IRS rules are pretty strict about when you are allowed to withdraw money from your retirement plan. If you do it before you reach 59½, you usually have to pay a 10 percent early withdrawal penalty plus income tax on the distribution. But what if you really need that retirement nest egg to pay off credit card debt or put a down payment on a home? If you have a 401(k), you can actually lend the money back to yourself.
Yup, most 401(k) plans allow you to loan yourself up to half the total value of your savings up to $50,000 (but not the SIMPLE and the SEP IRA) [source: IRS]. Interest rates vary, but they are typically much lower than a traditional bank loan and they are many times lower than the rate on your credit card debt [source: Wall Street Journal]. In some cases, it makes very good sense to borrow from your 401(k) to pay off high-interest debt. Use this calculator to figure out what it will cost to pay back a 401(k) loan and compare it to the interest payments on your credit card balance.
401(k) loans have their own rules. They must be paid back in five years, unless the money is used to buy a primary residence for the borrower. Otherwise, you can use the loan for whatever you want, as long as you pay up on time. If you default, the loan will be treated as an early withdrawal, triggering the 10 percent penalty and income taxes [source: IRS]. Conventional wisdom says to borrow only as much as you need, not as much as you can get [source: Wall Street Journal].
Finance Planning Tips
Here are some tips to help you with generating income and planning for the future.
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Author's Note: 10 Self-employment Retirement Tips
I am one of the 15.3 million Americans who are self-employed. I love the flexibility of being my own boss and the ability to deduct all manner of expenses from my taxable income. What I don't love are the high monthly premiums for awful health insurance coverage, the panic of trying to balance a household budget with irregular paychecks, and the sinking feeling that we are failing to save enough for our future. I chose the self-employed lifestyle, but not everyone is so lucky. One of the reasons for the boom in the self-employed workforce is because regular jobs are so hard to come by. For construction workers who have been labeled "independent contractors" to avoid payroll taxes, or moms watching the neighbors' kids for extra cash, "being your own boss" means barely scraping by. I applaud the independent American spirit, but fear that we are substituting "self-employed" for "underemployed."
- Hill, Catey. "4 Ways the Self-employed Can Save for Retirement." Forbes. Sept. 17, 2010. (April 12, 2013) http://www.smartmoney.com/retirement/planning/4-ways-the-self-employed-can-save-for-retirement/
- Hipple, Steven F. "Self-employment in the United States." Bureau of Labor Statistics. September 2010. (April 12, 2013) http://www.bls.gov/opub/mlr/2010/09/art2full.pdf
- Humphreys, Nancy K. "Self-Employed Social Security Nightmare." The Huffington Post. Feb. 18, 2013. (April 12, 2013) http://www.huffingtonpost.com/nancy-k-humphreys/self-employed-social-secu_b_2712265.html
- IRS. "Choosing a Retirement Plan – Defined Benefit Plan." (April 12, 2013) http://www.irs.gov/Retirement-Plans/Choosing-a-Retirement-Plan:-Defined-Benefit-Plan
- IRS. "Choosing a Retirement Plan – SEP." (April 12, 2013) http://www.irs.gov/Retirement-Plans/Choosing-a-Retirement-Plan:-SEP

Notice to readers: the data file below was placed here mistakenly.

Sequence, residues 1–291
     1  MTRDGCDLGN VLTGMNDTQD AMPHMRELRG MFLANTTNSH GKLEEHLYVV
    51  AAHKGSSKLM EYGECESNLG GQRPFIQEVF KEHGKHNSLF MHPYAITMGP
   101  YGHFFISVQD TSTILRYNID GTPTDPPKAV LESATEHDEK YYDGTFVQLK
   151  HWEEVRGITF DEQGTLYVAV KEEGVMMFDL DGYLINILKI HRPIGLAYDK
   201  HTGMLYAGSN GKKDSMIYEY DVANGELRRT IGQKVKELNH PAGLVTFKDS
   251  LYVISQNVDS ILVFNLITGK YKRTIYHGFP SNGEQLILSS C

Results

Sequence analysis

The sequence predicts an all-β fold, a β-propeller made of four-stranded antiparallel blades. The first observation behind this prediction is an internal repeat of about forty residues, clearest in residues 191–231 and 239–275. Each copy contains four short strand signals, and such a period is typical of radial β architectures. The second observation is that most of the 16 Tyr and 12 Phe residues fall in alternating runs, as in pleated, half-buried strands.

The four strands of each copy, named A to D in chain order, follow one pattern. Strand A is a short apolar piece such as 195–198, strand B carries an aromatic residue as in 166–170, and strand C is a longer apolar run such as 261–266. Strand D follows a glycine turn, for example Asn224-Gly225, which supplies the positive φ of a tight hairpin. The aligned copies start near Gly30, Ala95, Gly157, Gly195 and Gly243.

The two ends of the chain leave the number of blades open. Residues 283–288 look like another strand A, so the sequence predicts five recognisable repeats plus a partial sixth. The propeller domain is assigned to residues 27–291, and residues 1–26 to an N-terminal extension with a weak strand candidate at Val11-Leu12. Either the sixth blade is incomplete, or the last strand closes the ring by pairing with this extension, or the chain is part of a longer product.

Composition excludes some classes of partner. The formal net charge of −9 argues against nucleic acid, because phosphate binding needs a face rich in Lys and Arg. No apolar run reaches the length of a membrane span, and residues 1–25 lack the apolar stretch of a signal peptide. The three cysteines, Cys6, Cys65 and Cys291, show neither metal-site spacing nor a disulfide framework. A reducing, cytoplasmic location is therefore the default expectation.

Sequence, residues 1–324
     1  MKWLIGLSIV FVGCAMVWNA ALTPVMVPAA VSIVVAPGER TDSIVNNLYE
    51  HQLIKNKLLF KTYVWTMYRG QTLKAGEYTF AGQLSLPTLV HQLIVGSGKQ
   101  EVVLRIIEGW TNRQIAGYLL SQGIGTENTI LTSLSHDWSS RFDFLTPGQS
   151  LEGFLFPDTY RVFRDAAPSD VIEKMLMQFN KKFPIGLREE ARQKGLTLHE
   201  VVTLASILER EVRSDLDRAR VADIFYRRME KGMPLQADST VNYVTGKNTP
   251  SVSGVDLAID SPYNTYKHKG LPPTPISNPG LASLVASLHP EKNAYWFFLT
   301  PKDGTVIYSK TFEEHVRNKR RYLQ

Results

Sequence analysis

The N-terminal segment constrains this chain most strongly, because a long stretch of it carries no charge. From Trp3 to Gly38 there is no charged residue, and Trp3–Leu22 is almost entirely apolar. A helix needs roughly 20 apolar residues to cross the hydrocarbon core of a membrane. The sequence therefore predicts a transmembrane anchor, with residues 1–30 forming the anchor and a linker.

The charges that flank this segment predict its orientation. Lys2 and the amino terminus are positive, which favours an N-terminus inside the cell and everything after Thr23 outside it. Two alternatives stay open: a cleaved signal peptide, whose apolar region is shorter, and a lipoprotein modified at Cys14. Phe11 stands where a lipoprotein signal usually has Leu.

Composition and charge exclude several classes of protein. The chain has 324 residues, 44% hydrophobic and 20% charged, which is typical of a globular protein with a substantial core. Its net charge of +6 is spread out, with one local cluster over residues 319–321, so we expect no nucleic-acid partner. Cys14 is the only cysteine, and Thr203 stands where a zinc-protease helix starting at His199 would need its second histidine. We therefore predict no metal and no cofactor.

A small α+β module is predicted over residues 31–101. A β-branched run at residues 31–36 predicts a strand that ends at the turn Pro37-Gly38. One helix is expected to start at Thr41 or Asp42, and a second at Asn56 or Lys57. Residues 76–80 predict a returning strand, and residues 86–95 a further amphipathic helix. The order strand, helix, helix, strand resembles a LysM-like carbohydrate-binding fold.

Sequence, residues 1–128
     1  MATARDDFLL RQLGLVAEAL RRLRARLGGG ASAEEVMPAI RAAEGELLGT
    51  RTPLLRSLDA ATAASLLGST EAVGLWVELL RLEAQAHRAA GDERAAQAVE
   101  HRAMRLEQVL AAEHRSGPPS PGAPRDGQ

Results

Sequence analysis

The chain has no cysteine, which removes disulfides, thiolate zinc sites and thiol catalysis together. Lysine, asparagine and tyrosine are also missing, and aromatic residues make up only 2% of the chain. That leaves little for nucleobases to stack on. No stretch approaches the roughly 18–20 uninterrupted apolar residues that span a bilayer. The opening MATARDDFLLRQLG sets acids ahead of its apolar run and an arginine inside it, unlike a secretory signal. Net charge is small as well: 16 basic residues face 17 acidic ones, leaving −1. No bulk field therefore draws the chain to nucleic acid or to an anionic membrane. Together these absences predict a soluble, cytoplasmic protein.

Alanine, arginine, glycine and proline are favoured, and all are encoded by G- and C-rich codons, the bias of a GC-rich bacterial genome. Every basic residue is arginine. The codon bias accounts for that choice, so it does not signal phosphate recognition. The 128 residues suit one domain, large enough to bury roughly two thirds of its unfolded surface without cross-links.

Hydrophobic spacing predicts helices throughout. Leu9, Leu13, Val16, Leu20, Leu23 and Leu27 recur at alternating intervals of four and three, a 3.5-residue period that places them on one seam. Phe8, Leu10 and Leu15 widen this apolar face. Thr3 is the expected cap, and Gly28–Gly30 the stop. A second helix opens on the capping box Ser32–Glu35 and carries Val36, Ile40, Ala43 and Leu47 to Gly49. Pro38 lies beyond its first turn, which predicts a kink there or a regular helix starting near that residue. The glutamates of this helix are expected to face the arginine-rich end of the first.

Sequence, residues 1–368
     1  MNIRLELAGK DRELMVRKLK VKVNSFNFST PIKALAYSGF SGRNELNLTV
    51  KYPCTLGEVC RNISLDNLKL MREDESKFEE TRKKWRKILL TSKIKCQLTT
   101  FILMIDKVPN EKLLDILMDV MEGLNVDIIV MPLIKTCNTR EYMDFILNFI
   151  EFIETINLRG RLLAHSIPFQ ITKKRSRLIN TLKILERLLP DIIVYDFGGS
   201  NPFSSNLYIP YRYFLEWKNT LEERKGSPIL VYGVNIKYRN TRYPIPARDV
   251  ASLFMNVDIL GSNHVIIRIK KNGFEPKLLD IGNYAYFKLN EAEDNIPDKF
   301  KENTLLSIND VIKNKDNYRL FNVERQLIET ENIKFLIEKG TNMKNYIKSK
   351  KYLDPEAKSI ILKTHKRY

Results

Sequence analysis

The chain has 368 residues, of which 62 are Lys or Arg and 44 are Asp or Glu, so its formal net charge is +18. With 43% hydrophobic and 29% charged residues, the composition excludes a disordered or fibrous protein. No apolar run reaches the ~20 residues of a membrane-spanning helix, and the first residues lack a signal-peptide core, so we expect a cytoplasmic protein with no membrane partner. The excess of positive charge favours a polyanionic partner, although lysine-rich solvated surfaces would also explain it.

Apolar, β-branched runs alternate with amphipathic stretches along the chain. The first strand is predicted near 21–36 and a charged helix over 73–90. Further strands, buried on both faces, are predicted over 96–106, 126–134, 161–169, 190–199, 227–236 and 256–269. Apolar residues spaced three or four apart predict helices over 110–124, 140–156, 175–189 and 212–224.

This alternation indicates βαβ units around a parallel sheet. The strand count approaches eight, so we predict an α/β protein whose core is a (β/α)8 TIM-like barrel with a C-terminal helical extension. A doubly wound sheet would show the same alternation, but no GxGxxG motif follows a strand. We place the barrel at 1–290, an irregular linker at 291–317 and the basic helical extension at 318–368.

- IRS. "Choosing a Retirement Plan – SIMPLE IRA Plan." (April 12, 2013) http://www.irs.gov/Retirement-Plans/Choosing-a-Retirement-Plan:-SIMPLE-IRA-Plan
- IRS. "One-Participant 401(k) Plans." (April 12, 2013) http://www.irs.gov/Retirement-Plans/One-Participant-401(k)-Plans
- IRS. "Retirement Plans FAQs on Designated Roth Accounts." (April 12, 2013) http://www.irs.gov/Retirement-Plans/Retirement-Plans-FAQs-on-Designated-Roth-Accounts
- IRS. "Retirement Plans FAQs Regarding Loans." (April 12, 2013) http://www.irs.gov/Retirement-Plans/Retirement-Plans-FAQs-regarding-Loans
- IRS. "Retirement Plans for Self-Employed People." (April 12, 2013) http://www.irs.gov/Retirement-Plans/Retirement-Plans-for-Self-Employed-People
- IRS. "Self-Employed Individuals Tax Center." (April 12, 2013) http://www.irs.gov/Businesses/Small-Businesses-&-Self-Employed/Self-Employed-Individuals-Tax-Center
- IRS. "Topic 554 – Self-Employment Tax." (April 12, 2013) http://www.irs.gov/taxtopics/tc554.html
- Lankford, Kimberly. "How the Self-Employed Can Save for Retirement." Sept. 14, 2012. (April 12, 2013) http://www.kiplinger.com/article/retirement/T047-C001-S001-how-the-self-employed-can-save-for-retirement.html
- National Association for the Self-Employed. "Self-Employed and the U.S. Economy." (April 12, 2013) http://www.nase.org/Files/Documents/Self-Employed_and_the_US_Economy_Charts_and_Stats.pdf
- Social Security Administration. "Full Retirement Age: If You Were Born in 1960 or Later." (April 12, 2013) http://www.ssa.gov/retirement/1960.html
- Social Security Administration. "If You are Self-Employed." 2013. (April 12, 2013) http://www.socialsecurity.gov/pubs/media/pdf/EN-05-10022.pdf
- Sullivan, Paul. "Save for Retirement in Just 10 Years? It's Doable, But Risky." The New York Times. Nov. 30, 2012. (April 12, 2013) http://www.nytimes.com/2012/12/01/your-money/defined-benefit-plans-allow-fast-retirement-saving-but-with-risks.html?pagewanted=all&_r=0
- TurboTax. "Top Tax Write-offs for the Self-Employed." (April 12, 2013) http://turbotax.intuit.com/tax-tools/tax-tips/Self-Employment-Taxes/Top-Tax-Write-offs-for-the-Self-Employed-/INF18049.html
- The Wall Street Journal. "When It's OK to Raid Your 401(k)." MSN Money. June 29, 2011. (April 12, 2013) http://money.msn.com/mutual-fund/when-it-is-ok-to-raid-your-401k-wsj.aspx
HowStuffWorks takes a look at what government entity decides when Americans get an increase in Social Security benefits.